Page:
Sale: 535 / Evening Sale with Collection Hermann Gerlinger, Dec. 09. 2022 in Munich Lot 46

 

46
Hermann Max Pechstein
Feuerlilien, 1928.
Oil on canvas
Estimate:
€ 120,000 / $ 110,400
Sold:
€ 125,000 / $ 115,000

(incl. surcharge)
Feuerlilien. 1928.
Oil on canvas.
Signed and dated in upper right. Verso signed, titled and inscribed with the artist's address. 61 x 80 cm (24 x 31.4 in).
In the original frame.
• This is one of Pechstein's rare landscapes in which flowers are the only protagonists.
• Consistent provenance – the work has always been family-owned.
• Shown in museum exhibitions shortly after it was made and rediscovered in a North Rhine-Westphalian private collection only recently
.

Accompanied by an art-historical expertise from Prof. Dr. Aya Soika, Berlin, dated October 26, 2022. The work was not known when the catalogue raisonné was compiled and is now registered in the unpublished archive of the 'Max-Pechstein-Urheberrechtsgemeinschaft', as well as in the archive of Prof. Dr. Aya Soika under the painting number 1928/12 .

PROVENANCE: Collection Dr. Hermann and Margrethe Höpker-Aschoff, Herford (since 1928, gifted from the artist).
Private collection (inherited from the above).
Private collection North Rhine-Westphalia (gifted from the above).

EXHIBITION: Deutsche Kunstgemeinschaft, Ausstellung im Berliner Stadtschloss, November 1928 (with a barely legibly stamp on the stretcher).

"And it was worth it, that I spent most of this past year approaching this country in drawings, so I could give myself over to color for most of the summer."
Hermann Max Pechstein in a letter to Dr. Walter Minnich from September 24, 1928.

After the end of the artist group "Brücke", Hermann Max Pechstein attained new artistic maturity in the 1920s and 1930s. He had large solo exhibitions in Berlin's Kronprinzenpalais and the Kunsthalle Bern in 1921. In 1923, Pechstein was appointed member of the Academy of Arts and became a board member of the Berlin Secession. In the 1920s, Pechstein belonged to the luminaries of the Berlin art scene. "In any case, I made Berlin my new home, in addition to many friends, I also gained the recognition from the state. I received the Prussian State Prize. [..] I was also appointed a member of the Prussian Academy of Fine Arts. I was significantly involved in important decisions regarding art questions. Lectures and radio speeches on a regular basis" (quoted from Hermann Max Pechstein, Erinnerungen, 1960, pp. 109-11) In the mid-1920s, Pechstein found his way to a more painterly style. Still lifes and landscapes increasingly pushed portraits aside. Hermann Max Pechstein's special love of nature is well documented. Even at a young age, nature exerted a special fascination on the artist. For him it symbolized nativeness, wildness and freedom. Landscape and the harmony of man and nature would become the main motifs in the artist's oeuvre. In the course of his reorientation, the artist took up inspiration from many sources. Above all, it is the works of van Gogh that shine through in his landscapes. The palette also changed. The strong expressionistic components with effects based on, among other things, large areas in complementary colors, disappear in favor of a more differentiated style. Pechstein used broken tones to emphasize the landscape’s atmospheric character, as is the case in the present work. "Feuerlilien“ (Fire Lilies) is one of Pechstein’s few landscape paintings in which flowers are the only protagonists. The bright orange blossoms take center stage in front of a dark background. They are the only players on this stage, the surrounding space is merely conceived as a carpet of colors. The focus is on the shapes of the flowers and their bright colors. "Feuerlilien" may have been created during the summer stay in Rowe, where Pechstein spent the summers between 1927 and 1933, either working on his own at his holiday accommodation or plein-air. However, the painting could also have been created in Berlin after his return from his summer vacation and before it was submitted to the Deutsche Kunstgemeinschaft exhibition in mid-November. "Feuerlilien" was on first public display shortly after it was created and would remain unknown to research thereafter. Immediately after its creation, it went into the collection of Hermann Höpker-Aschoff, Prussian finance minister from 1925 to 1931, who knew the artist personally. The painting has remained in the family for almost 100 years and is presented here for the first time since. [SM]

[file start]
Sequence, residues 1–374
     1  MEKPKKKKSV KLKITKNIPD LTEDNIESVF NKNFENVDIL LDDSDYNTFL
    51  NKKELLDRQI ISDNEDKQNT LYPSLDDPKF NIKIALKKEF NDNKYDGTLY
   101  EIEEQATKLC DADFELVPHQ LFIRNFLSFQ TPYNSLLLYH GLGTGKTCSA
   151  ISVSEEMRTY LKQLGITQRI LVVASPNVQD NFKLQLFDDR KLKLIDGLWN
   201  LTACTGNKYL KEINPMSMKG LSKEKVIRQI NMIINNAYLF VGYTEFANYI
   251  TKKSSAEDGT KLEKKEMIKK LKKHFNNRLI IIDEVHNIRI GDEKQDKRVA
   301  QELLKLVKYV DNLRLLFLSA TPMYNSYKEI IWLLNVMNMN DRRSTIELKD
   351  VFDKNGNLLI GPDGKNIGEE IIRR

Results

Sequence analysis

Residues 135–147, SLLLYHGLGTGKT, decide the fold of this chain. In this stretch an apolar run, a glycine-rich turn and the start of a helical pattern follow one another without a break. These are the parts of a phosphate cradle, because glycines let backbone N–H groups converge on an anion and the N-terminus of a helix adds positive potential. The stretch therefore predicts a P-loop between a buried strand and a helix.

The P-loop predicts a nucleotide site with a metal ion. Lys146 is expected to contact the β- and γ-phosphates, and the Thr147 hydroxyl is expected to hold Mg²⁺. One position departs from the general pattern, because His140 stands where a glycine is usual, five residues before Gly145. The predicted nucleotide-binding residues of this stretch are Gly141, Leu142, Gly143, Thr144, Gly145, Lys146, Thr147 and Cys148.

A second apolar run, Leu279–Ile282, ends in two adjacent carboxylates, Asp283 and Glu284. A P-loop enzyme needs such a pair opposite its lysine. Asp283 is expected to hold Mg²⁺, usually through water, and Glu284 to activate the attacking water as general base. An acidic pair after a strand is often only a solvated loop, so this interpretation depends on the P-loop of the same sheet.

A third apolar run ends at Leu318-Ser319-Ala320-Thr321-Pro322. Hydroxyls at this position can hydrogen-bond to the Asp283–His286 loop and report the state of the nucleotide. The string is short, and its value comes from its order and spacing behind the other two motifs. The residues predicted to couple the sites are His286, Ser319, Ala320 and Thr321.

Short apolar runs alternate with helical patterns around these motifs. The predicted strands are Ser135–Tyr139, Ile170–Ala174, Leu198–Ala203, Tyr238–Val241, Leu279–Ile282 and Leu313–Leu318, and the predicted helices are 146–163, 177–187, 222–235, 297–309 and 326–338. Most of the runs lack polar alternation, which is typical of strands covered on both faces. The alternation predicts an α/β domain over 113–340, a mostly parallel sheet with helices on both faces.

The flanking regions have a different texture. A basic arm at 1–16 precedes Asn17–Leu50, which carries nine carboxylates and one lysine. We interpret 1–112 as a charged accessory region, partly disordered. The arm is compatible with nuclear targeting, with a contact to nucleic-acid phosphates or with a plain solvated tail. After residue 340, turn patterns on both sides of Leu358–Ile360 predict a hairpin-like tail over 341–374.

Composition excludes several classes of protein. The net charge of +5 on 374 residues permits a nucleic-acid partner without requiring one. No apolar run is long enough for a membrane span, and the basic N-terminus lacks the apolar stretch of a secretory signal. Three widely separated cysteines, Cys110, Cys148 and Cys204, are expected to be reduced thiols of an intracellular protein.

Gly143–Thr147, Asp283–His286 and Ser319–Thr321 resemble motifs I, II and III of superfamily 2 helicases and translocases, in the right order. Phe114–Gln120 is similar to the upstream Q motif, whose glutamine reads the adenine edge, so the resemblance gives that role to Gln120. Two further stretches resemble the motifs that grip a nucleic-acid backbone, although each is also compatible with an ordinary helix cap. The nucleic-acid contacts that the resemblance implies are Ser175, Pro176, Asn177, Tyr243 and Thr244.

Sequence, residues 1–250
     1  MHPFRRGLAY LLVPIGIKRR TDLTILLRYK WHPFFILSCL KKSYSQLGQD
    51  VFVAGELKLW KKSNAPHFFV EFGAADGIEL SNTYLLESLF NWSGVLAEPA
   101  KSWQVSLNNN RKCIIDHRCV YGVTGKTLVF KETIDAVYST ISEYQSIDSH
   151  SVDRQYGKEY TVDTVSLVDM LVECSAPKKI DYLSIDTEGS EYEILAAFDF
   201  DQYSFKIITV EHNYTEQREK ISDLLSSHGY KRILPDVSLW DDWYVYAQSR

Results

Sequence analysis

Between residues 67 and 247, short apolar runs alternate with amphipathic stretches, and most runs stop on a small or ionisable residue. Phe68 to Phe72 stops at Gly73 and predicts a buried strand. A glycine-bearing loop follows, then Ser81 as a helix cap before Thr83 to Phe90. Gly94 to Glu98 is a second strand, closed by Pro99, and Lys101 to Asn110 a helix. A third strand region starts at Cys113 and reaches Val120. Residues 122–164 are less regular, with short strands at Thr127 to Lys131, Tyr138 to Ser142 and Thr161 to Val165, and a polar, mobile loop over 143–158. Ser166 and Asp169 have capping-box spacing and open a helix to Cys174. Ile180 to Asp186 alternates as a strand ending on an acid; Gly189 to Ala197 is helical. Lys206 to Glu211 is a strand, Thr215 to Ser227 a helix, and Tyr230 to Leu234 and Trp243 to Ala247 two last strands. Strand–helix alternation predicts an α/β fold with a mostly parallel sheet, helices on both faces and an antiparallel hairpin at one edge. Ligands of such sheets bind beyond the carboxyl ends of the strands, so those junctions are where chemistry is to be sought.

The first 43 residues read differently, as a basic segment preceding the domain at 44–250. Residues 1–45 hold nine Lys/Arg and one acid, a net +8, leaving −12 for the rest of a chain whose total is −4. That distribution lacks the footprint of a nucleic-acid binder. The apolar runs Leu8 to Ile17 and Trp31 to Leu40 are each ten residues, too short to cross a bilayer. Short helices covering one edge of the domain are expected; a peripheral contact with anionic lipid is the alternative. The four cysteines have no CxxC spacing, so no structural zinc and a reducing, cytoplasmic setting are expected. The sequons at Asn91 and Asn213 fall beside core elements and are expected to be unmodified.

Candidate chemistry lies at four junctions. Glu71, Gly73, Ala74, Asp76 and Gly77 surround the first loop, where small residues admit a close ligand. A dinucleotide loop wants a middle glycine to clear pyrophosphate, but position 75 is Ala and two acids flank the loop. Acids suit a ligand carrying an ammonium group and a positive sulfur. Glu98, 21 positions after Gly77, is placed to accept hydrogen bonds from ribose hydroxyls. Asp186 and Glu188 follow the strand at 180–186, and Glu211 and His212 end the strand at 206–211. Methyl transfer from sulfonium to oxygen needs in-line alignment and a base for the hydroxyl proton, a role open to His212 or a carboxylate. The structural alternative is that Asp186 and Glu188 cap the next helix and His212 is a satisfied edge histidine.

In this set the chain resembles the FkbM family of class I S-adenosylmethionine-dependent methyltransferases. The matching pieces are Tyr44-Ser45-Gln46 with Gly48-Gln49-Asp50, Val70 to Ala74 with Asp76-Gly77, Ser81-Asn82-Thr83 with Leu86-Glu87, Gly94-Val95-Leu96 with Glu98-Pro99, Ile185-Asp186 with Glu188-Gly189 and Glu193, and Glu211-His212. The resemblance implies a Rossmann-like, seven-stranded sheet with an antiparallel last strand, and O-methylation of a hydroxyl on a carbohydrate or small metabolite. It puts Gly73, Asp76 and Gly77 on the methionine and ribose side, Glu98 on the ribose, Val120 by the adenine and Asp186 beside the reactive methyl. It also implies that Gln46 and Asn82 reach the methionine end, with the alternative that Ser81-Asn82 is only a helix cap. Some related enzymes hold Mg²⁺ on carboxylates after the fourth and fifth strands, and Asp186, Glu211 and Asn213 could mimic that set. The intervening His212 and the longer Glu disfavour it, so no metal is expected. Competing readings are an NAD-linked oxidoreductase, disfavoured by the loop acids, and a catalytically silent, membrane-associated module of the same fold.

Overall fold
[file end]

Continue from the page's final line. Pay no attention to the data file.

46
Hermann Max Pechstein
Feuerlilien, 1928.
Oil on canvas
Estimate:
€ 120,000 / $ 110,400
Sold:
€ 125,000 / $ 115,000

(incl. surcharge)